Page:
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White House Eyes Bailout Funds to Aid Small Firms

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posted on Jul, 11 2009 @ 01:29 PM

White House Eyes Bailout Funds to Aid Small Firms

The debate over the proposal has centered on whether taxpayers would be protected and whether banks that make these loans to small firms would lower their lending standards if the government promises to cover loans that go bad, according to participants present or briefed on the discussions. They spoke on the condition of anonymity because the conversations were considered private.

Administration officials want to prevent small businesses from closing and adding their workers to the growing ranks of the unemployed. Some officials say small companies are key to reversing the soaring unemploy
(visit the link for the full news article)

posted on Jul, 11 2009 @ 01:29 PM
My family owns a small business, and while I like the idea of the government trying to help small businesses by "lowering the lending standards", I'm not too sure I like the idea of the government (read "the taxpayers") paying off all these loans that go 'bad"!

Aiding small businesses could be a gamble because they have a poorer record than large corporations when repaying loans; it would be the riskiest government investment so far under the bailout plan.

How much more debt can the government just keep piling on itself before the whole "house of cards" comes tumbling down?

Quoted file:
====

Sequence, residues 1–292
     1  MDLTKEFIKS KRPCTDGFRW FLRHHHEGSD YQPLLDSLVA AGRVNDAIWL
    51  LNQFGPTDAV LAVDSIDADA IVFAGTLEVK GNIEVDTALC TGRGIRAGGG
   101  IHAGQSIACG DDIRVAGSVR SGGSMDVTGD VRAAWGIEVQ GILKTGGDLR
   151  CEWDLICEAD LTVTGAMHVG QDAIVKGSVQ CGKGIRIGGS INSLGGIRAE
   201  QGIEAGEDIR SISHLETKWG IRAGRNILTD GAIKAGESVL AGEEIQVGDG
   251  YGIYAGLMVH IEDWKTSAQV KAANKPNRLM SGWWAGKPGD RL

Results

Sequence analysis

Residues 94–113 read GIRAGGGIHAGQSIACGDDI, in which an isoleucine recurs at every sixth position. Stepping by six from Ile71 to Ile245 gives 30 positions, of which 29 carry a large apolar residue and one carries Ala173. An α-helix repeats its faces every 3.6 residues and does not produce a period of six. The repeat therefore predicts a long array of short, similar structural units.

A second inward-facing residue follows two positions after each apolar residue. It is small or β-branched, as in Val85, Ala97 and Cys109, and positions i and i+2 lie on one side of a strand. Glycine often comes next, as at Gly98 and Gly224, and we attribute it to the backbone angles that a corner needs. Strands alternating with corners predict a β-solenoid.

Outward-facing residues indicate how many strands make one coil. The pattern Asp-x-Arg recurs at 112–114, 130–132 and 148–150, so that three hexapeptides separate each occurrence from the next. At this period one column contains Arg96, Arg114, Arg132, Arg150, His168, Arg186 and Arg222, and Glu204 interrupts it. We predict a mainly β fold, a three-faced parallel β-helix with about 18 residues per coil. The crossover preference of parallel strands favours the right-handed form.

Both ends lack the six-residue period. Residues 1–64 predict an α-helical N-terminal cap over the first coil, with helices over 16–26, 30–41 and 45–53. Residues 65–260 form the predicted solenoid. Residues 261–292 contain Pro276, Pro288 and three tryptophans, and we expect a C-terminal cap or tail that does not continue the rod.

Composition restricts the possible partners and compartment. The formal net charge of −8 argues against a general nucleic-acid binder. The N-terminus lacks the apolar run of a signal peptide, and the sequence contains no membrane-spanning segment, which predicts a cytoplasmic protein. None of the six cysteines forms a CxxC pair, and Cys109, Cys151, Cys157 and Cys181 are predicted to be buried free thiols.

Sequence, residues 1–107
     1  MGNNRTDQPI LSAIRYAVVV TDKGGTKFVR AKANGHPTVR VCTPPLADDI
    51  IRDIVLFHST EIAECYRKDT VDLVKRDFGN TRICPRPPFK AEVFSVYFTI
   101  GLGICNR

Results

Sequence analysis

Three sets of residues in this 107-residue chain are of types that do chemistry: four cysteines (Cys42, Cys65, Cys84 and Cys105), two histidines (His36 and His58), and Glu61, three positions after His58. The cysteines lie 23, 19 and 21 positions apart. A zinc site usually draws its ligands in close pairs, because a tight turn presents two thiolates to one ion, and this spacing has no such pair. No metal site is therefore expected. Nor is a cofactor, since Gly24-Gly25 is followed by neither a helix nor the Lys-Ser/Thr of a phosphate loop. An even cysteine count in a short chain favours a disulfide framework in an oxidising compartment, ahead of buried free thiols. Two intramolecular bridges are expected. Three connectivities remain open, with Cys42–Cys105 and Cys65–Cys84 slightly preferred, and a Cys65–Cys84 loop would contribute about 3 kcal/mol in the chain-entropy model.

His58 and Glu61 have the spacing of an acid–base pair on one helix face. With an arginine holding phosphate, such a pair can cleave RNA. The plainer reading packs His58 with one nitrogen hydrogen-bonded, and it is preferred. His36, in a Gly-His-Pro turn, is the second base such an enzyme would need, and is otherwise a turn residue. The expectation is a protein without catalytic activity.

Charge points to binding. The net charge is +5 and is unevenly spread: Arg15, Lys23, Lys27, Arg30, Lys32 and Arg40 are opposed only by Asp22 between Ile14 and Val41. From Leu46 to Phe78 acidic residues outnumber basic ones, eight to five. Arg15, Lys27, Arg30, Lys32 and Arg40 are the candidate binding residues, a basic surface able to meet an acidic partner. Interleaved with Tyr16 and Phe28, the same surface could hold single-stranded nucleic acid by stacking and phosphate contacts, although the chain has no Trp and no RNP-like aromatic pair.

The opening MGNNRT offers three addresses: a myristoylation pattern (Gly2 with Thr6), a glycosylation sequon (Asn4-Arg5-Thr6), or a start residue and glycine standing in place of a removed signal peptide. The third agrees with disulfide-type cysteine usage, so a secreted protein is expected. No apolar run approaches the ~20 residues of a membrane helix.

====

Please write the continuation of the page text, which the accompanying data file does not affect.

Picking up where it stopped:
And while I do believe this quote from the article, ...

"If we are going to move out of this recession and into recovery, it's going to be small businesses that leads us,"

I just think this is too risky.

There's a lot of small businesses that could use a loan right now, but there are also a lot of small businesses out there that, even with this new "loan proposal" will fail, leaving the government (read "the taxpayers") to pay off the loan.

Just seems like a pretty risky idea to me when the country is already trillions in debt.
(visit the link for the full news article)

[edit on 7/11/2009 by Keyhole]

posted on Jul, 11 2009 @ 01:53 PM
Let's do it, sounds good. Why should only the super rich be allowed to embezzle billions? As long as they do it with no oversight or accountability so i can get in on the action too and live the american dream of robbing my way to riches.

I hope this happens soon, and that it'll further the downfall of the government. The sooner the empire collapses under it's own weight the better. I call dibs on the job of stringing up crooked politicians when the power balance shifts. I'll tie nooses all day if they'll be used to dangle our oppressors from lightpoles and what trees we haven't cut down and replaced with lightpoles.

posted on Jul, 11 2009 @ 04:12 PM
On the surface looks good - but it's a rotten apple.

The problem is that return on investment at the moment is extremely poor - and will continue to be poor for the perceivable future.

It is not worth running a business where you are making 2% on capital - just shut it down, try and sell some assets associated with it and look for another line of business that is suited to the current climate - odd jobs, gardening, CV writing or something like that.